You will also need to provide your business case to the Department of Finance to facilitate the costing process and ensure that costs can be agreed in a timely manner. Costs for the digital and ICT-enabled components of your proposal must be agreed with the Department of Finance.

The DTA and Finance will work closely to exchange information that you provide to minimise unnecessary duplication of work for agencies.

How does the ICT Investment Approval process align with other assurance processes?

The DTA has Whole-of-Government responsibility for managing strategic coordination and oversight functions for digital and ICT investments, including during the delivery phase. The DTA will separately provide advice and ongoing oversight of assurance arrangements to ensure assurance is applied effectively to maintain delivery confidence in implementation of the proposal.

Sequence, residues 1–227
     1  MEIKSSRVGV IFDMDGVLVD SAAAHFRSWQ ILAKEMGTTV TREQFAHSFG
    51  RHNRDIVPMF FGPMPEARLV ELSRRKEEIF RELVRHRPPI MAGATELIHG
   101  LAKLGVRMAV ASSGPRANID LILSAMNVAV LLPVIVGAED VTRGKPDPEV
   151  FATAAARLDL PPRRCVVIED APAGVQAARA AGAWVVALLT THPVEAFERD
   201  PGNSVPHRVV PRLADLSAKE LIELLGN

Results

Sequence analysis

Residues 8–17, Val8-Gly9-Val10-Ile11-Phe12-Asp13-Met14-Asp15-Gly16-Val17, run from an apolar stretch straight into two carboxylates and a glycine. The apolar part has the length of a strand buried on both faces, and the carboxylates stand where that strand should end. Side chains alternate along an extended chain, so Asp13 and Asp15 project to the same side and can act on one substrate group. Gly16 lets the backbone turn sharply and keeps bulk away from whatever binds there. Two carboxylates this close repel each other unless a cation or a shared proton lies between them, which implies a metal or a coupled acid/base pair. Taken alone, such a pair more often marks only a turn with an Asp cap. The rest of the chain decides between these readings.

Proposals may also be subject to other oversight and assurance activities, including the Australian Government Assurance Reviews Process (Gateway Reviews and Implementation Readiness Assessments) administered by the Department of Finance

The ICT Investment Approval Process complements the Gateway Review Process for ICT enabled proposals.

The difference between these processes is that the IIAP is designed to inform Cabinet prior to an investment decision. The Gateway Review Process on the other hand is designed to help the delivery agency by providing independent advice through development and implementation of the project or program.

You should refer to the current Department of Finance Estimates Memorandums covering Assurance Reviews and Budget Process Operational Rules, available through your Chief Financial Officer, for further information.

Where can I find additional information?

If you have any queries concerning the process or its application to particular ICT enabled proposals, please contact  Investment Advice, Contestability and Assurance Branch by emailing investment@dta.gov.au

Templates to download

The following resources will assist you in developing your business case: